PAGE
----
Monday, April 04, 2011

Ben Wolfe - NYC Jazz Record

Ben Wolfe - Live At Smalls

Eric Reed - The Dancing Monk

Omnipresent bassist Ben Wolfe can do many things
well. He has made a great career out of playing with
high-profile pianists/vocalists like Harry Connick Jr.
and Diana Krall or he can lead groups through an array
of slaloming originals. Two recent releases perfectly
exemplify Wolfe’s versatility.

In his liner notes to The Dancing Monk, a collection
of Monk standards, pianist Eric Reed states, “I don’t
know that Monk would appreciate my offerings of his
tunes, but I seriously doubt that Monk would want me
to care.” Things open with a waltzed-up “Ask Me
Now”. The changing of the meter is probably the most
radical thing on the record as Reed mostly sticks to a
traditionalist approach. A deft pianist with a graceful
touch, his solos are scattered with references -
“Everything Happens to Me” pops up on “Reflections”
while “Take the A Train” whistles through “Light Blue”
- dropping coy puzzles amidst the swinging solos.
Wolfe and drummer McClenty Hunter expertly serve
as support to these effervescent solos with the latter
taking a few choruses on the Reed-penned title track
and Wolfe taking a spin through “Pannonica”. This is a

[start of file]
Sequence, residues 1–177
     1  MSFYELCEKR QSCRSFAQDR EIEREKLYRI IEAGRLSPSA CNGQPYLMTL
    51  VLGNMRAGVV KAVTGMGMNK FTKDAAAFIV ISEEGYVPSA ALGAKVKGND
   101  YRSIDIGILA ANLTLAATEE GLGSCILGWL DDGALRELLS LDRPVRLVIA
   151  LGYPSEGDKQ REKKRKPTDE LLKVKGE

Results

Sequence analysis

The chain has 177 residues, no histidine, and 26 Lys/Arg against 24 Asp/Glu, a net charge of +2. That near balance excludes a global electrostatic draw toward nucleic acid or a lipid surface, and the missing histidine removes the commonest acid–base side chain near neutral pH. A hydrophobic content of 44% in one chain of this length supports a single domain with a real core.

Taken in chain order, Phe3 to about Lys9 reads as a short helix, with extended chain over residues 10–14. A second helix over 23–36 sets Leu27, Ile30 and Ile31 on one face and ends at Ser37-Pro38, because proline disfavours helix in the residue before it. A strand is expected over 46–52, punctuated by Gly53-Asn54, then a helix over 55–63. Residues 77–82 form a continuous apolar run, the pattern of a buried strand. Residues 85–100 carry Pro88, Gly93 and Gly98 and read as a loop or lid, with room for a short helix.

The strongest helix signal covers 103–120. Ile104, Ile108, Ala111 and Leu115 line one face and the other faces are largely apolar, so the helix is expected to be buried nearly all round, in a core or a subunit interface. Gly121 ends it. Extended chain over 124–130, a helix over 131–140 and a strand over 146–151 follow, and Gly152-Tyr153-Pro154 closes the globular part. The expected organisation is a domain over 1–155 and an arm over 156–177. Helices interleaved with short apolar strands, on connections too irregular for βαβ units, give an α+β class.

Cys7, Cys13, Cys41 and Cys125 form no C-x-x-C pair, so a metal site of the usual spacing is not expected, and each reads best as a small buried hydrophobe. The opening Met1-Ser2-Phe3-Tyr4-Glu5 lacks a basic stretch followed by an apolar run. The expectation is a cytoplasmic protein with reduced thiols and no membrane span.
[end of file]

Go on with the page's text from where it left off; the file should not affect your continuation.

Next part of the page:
polished approach to a jagged repertoire with confident
solos but few outright surprises.

Live at Smalls, recorded over a weekend last May,
features Wolfe driving a quintet through nine of his
compositions, opening with a fast-moving basslinedriven
melody entitled “Block 11”. Spacious harmonies
rise and fall before each ensemble member solos amidst
varying rhythmic intensities, gradually building until
the ensemble reverts back to near-silence and
introduces the next voice. Marcus Strickland’s reedy
hoot gets things going early over a churning montuno
and reemerges at full-steam throughout the rest of the
set. Pianist Luis Perdomo flaunts his quartal chops on
the shifting “Contraption” while Ryan Kisor’s scattershot
trumpet soars through the midtempo swinger
“Telescope”. Wolfe turns in meditative solos, stretching
out in ways that he rarely gets to elsewhere. Live
elements abound on this recording, with Wolfe
shouting out the occasional heads-up to the band and
the faint clink of glasses in the background. The vibe is
comfortable but professional and the audience is as
responsive as the band.

Ben Wolfe @ New York City Jazz Record

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